I was reading an article today in the Oregonian (actually it was an op-ed) piece about the suicide of a supporting character on a reality TV program. The gist of the article was that we, as watchers, should be ashamed of ourselves for trafficking in and being entertained by this man’s (and other’s) difficulties in life. I was interesting because there was a report on the BBC news last week that researchers have found a difference in the choices children profess about intended employment/ dream careers. Previously children often chose to go into caring professions (doctor, nurse, policeman) while today they mostly want to be famous with careers that match (football/ movie/ popstar. The researcher blames the media endorsement of the glamorous lifestyle and exciting events in these peoples lives for the shift.

The two are, of course, related. At least I think so. But there are more pervasive and problematic correlations as well.

The op-ed blames us for watching, while the media industry blames them for signing up while simultaneously telling them they should. But the real issue comes from the individual shift in perception and the accompanying societal impacts. It seems we are failing to connect the dots between these things and that’s the mentality of blaming someone else. True, we could choose not to watch, true also those stars could attempt to anticipate and choose not to participate. At this point I don’t think its possible for them to say they had no idea what it might be like (although I think no one can ever really know what it would be like). But I think that’s somewhat the point. Although they couldn’t know exactly what it would be like, its possible to attempt to understand based on historical evidence of what its been like before.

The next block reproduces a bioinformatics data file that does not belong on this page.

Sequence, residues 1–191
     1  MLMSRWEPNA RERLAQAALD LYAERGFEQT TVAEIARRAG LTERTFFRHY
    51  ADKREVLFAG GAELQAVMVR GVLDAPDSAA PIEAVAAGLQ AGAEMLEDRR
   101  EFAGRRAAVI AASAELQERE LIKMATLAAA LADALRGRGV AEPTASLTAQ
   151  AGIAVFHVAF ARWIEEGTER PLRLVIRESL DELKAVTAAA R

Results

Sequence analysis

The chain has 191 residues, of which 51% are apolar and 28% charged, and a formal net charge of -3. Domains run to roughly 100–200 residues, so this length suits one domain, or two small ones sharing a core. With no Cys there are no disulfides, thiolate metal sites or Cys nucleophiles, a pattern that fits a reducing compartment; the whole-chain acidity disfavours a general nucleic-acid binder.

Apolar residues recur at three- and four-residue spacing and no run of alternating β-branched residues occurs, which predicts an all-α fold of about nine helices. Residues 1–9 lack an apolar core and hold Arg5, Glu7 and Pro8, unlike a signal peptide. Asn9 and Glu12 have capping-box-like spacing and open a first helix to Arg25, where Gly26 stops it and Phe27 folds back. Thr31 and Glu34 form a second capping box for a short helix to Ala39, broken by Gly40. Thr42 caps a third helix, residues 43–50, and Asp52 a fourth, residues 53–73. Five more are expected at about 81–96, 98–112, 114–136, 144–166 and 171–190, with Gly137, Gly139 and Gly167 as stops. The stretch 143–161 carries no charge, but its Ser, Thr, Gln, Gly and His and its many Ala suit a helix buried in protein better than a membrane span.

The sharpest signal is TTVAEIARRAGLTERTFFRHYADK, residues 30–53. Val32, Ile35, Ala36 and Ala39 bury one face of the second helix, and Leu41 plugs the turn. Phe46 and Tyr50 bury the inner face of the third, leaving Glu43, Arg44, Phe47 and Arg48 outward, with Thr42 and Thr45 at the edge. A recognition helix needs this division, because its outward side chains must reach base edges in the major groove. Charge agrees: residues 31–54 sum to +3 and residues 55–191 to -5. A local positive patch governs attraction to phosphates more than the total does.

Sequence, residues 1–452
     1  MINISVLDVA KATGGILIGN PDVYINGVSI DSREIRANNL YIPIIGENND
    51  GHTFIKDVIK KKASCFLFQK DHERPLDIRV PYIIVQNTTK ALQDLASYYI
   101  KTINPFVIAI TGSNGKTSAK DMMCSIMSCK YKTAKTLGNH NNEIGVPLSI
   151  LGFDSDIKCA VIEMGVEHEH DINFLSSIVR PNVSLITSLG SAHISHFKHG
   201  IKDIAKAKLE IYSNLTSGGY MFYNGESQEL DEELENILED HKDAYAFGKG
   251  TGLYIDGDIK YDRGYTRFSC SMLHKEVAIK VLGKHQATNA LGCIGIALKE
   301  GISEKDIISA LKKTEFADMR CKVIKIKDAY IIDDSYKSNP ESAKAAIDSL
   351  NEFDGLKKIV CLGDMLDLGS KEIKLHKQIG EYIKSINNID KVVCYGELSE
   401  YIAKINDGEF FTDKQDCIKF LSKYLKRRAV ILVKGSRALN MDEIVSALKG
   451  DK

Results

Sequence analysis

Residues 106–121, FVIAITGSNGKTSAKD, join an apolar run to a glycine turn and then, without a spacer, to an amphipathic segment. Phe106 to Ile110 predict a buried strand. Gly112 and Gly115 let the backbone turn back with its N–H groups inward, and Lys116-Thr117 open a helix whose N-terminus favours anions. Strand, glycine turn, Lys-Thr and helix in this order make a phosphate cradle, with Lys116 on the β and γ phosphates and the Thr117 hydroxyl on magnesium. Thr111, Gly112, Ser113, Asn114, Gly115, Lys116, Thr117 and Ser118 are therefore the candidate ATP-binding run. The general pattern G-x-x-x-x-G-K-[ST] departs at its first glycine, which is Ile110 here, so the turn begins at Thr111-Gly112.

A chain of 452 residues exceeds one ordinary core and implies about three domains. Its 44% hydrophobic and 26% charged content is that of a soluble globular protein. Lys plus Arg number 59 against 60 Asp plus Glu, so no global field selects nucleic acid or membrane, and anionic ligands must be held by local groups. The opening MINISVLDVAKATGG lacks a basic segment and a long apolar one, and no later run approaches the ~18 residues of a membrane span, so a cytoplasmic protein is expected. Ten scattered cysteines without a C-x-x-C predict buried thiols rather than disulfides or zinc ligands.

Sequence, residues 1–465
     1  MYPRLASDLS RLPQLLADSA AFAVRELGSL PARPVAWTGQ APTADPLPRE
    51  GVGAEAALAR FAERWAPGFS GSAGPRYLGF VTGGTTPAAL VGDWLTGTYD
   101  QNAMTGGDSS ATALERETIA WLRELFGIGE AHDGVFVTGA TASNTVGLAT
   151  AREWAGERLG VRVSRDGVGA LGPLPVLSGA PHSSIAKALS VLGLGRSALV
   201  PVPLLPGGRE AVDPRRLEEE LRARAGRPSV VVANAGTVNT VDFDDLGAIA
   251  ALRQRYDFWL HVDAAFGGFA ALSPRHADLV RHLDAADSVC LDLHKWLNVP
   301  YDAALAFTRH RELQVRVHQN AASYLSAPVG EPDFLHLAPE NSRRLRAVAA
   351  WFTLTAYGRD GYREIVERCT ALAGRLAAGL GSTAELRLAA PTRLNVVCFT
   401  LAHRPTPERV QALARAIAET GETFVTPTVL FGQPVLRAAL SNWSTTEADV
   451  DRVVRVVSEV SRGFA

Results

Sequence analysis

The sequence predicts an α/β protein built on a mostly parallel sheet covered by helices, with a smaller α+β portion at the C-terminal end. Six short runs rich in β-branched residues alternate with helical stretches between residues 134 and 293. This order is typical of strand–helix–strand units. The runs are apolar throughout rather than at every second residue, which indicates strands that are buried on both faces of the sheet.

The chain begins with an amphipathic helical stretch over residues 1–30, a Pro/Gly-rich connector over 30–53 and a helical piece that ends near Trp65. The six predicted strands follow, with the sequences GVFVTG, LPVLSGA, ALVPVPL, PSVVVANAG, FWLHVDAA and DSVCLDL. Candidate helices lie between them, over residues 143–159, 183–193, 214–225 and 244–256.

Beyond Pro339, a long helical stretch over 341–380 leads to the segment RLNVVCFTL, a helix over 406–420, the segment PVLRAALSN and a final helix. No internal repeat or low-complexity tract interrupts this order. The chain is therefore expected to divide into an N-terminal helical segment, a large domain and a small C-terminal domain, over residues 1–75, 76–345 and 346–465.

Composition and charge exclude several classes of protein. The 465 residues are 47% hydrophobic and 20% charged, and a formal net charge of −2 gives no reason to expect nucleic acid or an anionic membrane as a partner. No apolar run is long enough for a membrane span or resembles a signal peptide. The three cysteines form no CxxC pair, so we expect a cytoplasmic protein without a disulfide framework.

This also seems linked to the riots. People’s inability to future the consequences of their actions. There has been a lot of talk, almost since the beginning of the riots of the culture and context that created the conditions conducive to their happening (sorry for the excessive alliteration). But based on the evidence in court many of the individuals were already members who had chosen to take criminal action before. This is not to say that there is not widening disparity in society (there is) or that it need not be addressed (it does), but to say that individual’s themselves still must bear responsibility for their actions.  I know that this is easier for me to say sitting in the privileged position that I do, but it is the same sentiment expressed by many people in the same communities from which the rioters hale.